Will Obama’s Plan to Use Big Data to Reduce College Costs Work?
No stranger to the benefits of big data analytics, the Whitehouse recently announced a plan aimed at using big data to create market aids targeted to help students to be better informed shoppers of colleges and universities. The plan aims to reform the higher education, and how it gets funded. Will it work?
The plan comes as part of the president’s plan to make college more affordable. The administration cites College Board and Census data that says the average tuition at a public four-year college has increased by more than 250 percent over the past three decades, while incomes for typical families have grown by only 16 percent. Last month, the president announced a plan that they hope will eliminate barriers that they say stands in the way of competition and innovation.
The new program involves the use big data technologies and techniques to develop a ranking system by 2015 that can be used to tie financial aid to college performance, and challenges states to fund public colleges based on that ranking system.
“The federal government provides over $150 billion each year in student financial aid, while states collectively invest over $70 billion in public colleges and universities,” said the administration in a recent release. “Almost all of these resources are allocated among colleges based on the number of students who enroll, not the number who earn degrees or what they learn. President Obama’s plan will connect student aid to outcomes, which will in turn drive a better, more affordable education for all students.”
To make these connections, the plan calls for the Department of Education to develop a new ratings system that they say will help students compare the value offered by colleges, and provide competitive encouragement for colleges to improve. “These ratings will compare colleges with similar missions and identify colleges that do the most to help students from disadvantaged backgrounds as well as colleges that are improving their performance,” the plan says.
In order to accomplish this, they intend to develop a model using a wide range of data points measuring such things as:
- Access, such as percentage of students receiving Pell grants;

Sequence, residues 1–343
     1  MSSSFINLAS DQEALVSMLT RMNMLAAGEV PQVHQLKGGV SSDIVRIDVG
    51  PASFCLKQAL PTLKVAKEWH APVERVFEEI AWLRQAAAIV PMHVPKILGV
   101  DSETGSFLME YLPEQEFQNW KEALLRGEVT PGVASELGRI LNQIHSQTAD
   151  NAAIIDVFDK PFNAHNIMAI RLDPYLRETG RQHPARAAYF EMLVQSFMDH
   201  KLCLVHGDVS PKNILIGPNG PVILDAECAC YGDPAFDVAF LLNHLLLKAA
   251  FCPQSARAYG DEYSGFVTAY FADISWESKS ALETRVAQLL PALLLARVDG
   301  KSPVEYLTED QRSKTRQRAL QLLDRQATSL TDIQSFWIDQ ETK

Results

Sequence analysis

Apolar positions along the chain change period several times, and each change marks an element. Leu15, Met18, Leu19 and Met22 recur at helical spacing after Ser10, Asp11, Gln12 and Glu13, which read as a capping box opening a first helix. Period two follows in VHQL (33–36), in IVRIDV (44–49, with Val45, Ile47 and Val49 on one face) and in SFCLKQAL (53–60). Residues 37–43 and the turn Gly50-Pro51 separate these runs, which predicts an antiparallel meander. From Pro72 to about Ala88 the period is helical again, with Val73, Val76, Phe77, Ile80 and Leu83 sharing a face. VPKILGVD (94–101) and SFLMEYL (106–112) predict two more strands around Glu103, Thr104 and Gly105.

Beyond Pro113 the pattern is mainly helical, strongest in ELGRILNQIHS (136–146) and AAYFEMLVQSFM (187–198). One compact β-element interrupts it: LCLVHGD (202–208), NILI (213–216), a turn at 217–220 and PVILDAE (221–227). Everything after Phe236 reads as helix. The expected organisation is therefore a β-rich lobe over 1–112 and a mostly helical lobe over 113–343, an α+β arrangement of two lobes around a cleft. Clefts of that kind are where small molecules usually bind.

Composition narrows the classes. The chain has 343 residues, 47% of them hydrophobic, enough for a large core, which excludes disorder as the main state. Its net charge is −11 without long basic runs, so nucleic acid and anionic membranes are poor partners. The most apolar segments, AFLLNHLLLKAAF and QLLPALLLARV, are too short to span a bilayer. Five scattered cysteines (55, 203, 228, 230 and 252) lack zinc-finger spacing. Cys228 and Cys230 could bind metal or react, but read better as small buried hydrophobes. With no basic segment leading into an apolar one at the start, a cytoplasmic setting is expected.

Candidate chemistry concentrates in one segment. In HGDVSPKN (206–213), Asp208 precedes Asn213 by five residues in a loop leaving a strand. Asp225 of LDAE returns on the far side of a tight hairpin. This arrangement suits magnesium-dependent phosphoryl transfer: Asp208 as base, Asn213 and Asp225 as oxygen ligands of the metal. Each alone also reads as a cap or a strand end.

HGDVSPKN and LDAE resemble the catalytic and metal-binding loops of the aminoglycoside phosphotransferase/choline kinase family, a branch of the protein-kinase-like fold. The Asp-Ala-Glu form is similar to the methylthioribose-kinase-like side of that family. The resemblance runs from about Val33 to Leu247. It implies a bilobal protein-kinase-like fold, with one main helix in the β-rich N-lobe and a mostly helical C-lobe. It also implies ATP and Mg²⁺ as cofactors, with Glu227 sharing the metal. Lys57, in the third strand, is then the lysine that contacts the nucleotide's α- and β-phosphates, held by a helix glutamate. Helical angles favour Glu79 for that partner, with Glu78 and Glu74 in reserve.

- Affordability, such as average tuition, scholarships, and loan debt; and
- Outcomes, such as graduation and transfer rates, graduate earnings, and advanced degrees of college graduates.
“The Department will develop these ratings through public hearings around the country to gather the input of students and parents, state leaders, college presidents, and others with ideas on how to publish excellent ratings that put a fundamental premium on measuring value and ensure that access for those with economic or other disadvantages are encouraged, not discouraged,” says the report.
Will it work? Is this type of analysis valuable? Not everyone thinks so. Aside from the political questions involved, there is the question of whether a model that ranks such a subjective thing as higher education could possibly be valid. According to a recent article in the Washington Post, many colleges don’t believe so.
“With a powerful lobby in Washington, colleges have so far beat back such efforts, contending that no accountability system can effectively rate performance for 5,000 degree-granting schools that encompass two-year community colleges; the Ivy League; research universities; regional state schools; private, nonprofit liberal arts colleges; and for-profit institutions,” wrote Nick Anderson and Phillip Rucker in the Post. “Exactly how to compare colleges and judge outcomes is a matter of fierce debate within academia. Many colleges can’t even agree on which schools are their peers. There are major questions about how to calculate graduation rates and measure the earnings potential of graduates.”
It’s well documented that the Obama administration is no stranger to the big data trend, largely crediting the president’s most recent electoral win to their use of predictive analytics. However, as notable political statistician, Nate Silver argued earlier this year, an over-abundance of data can be dangerous and counter-productive if managed improperly.
Whether this is a good use of data remains to be seen, but it does demonstrate the magical allure that big data analytics holds over people in planning positions. Is gathering data and manufacturing a value ranking a plan worth following? The U.S. appears on the road to find out.